My question (like Arteira, Jozette, and Ronnie) is why didn’t Bayardo San Roman open all the letters? If he didn’t care what Angela had to say then why did he save them all? I found it very interesting that Marquez would have Bayardo return to Angela after all those years. I am wondering what took place after his return? Did they fall in love or was he just visiting her? Also, whatever happens to the twins? They go to prison for a while and are accepted back into the community? How would Santiago’s mother receive the twins? Does she forgive them?

I think, for this comment, I am going to start on the achievement of depth since that is really what amazed me about this novel.

It also seems that everyone else who commented on depth felt it was achieved in a manner similar to the way I think. XD! Oh well. I thought the depth of the story was achieved by the fact that all the characters had reasons for their words and backgrounds for their choices. No one did anything just to do it, enabling the story to progress. It feels like the things that happened, what the people said and what they did, were natural and wholly understandable from that character's point of view.

Moving onto the motion of the story (no pun intended), I feel the motion and the flow of the story is achieved through the repeating of certain details and phrases, such as descriptions of the wedding and of the pope's visit. Every time something is mentioned, however, we are allowed another small crumb of knowledge about it. That kept me reading, more than anything else. I wanted to find out exactly what had happened, I wanted that extra piece of information. This book really played to my curiosity.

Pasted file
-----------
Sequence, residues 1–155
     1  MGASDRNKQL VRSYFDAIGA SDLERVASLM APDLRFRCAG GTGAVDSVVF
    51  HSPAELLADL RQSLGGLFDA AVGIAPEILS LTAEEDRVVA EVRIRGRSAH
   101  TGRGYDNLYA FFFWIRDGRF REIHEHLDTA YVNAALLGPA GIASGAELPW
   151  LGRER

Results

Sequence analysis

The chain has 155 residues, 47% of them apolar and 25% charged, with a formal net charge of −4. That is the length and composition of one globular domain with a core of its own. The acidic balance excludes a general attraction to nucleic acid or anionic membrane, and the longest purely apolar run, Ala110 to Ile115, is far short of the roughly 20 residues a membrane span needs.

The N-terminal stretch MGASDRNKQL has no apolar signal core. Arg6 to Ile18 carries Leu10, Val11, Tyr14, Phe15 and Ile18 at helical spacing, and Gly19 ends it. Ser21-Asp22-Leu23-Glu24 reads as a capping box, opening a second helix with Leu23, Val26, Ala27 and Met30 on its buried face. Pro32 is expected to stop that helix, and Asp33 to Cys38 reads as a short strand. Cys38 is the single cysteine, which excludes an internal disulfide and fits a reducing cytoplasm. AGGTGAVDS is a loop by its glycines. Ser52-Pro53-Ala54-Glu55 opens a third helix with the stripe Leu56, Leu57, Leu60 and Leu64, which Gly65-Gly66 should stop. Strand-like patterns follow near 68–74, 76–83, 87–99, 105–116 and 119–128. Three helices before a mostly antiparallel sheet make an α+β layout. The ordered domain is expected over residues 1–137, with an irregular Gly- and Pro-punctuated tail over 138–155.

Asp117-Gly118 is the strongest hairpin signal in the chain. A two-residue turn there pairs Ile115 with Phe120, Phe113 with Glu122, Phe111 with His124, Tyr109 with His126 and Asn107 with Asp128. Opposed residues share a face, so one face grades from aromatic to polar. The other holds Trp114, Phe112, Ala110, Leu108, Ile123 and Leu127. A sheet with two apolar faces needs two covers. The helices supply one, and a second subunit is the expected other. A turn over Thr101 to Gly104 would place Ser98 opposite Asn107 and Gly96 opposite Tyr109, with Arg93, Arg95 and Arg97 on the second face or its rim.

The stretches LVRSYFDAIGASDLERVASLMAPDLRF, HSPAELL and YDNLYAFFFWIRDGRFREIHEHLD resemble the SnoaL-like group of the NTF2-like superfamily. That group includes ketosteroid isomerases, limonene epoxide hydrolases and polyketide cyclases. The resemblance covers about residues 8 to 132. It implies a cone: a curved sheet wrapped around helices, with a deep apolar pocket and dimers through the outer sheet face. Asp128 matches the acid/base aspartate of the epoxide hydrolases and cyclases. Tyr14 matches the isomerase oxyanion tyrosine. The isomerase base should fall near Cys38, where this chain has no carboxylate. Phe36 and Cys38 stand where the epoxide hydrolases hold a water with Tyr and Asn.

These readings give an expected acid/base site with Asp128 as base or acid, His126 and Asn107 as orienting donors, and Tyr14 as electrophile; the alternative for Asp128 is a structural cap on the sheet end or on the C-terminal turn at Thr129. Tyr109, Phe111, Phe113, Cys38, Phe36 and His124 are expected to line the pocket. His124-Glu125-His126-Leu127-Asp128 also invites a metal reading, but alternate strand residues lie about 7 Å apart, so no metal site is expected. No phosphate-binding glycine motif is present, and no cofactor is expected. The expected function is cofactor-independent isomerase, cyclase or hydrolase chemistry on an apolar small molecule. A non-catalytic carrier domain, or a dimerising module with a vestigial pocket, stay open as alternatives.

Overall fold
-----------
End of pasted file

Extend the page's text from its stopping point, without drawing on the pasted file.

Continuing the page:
As for emotion...to be honest, I didn't really feel any emotion, mostly just curiosity. I didn't really care about Santiago (or really any of the other people. I just felt like I was watching events unfold). All i really felt while reading this novel was a drive to keep reading it out of curiosity. That's really it. (As for Nabokov, I highly recommend reading Lolita.)

I've already mentioned the repetition creates motion and flow, leaving Santiago's death description to the end really enticed me to keep reading, and I think if we knew more about the narrator, it would make the novel more about him than the people of the town. Because we don't know anything about him, we forget it is he that is narrating and so we lose ourselves to the story.

:D!

I think that A Chronicle of A Death Foretold achieves depth by explaining just about every single thing that happened on the day that Santiago died by explaining one part of the story at a time. While at the same time, some parts of the day still remains a mystery, was it sunny or raining that day?

It all really reminds me of an episode of The Simpsons I believe to be loosely based on the movie Run, Lola, Run. Anyways, in the episode of the Simpsons, the episode starts, showing what happened to Homer, all the while events are happening but aren't explained because they are from Homer's point of view. Then the episode starts over, showing what happened to Lisa on that day, and events start to intertwine with Homer's day. Then the episode starts over one more time, showing Bart's day, and with this final story being told, all the events in the story makes sense.